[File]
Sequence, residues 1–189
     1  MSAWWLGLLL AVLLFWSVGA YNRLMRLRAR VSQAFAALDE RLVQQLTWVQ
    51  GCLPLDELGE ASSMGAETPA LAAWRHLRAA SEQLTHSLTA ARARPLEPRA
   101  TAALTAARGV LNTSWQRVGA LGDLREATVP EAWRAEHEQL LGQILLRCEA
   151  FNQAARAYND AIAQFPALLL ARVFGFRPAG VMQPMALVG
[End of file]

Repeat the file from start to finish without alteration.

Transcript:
Sequence, residues 1–189
     1  MSAWWLGLLL AVLLFWSVGA YNRLMRLRAR VSQAFAALDE RLVQQLTWVQ
    51  GCLPLDELGE ASSMGAETPA LAAWRHLRAA SEQLTHSLTA ARARPLEPRA
   101  TAALTAARGV LNTSWQRVGA LGDLREATVP EAWRAEHEQL LGQILLRCEA
   151  FNQAARAYND AIAQFPALLL ARVFGFRPAG VMQPMALVG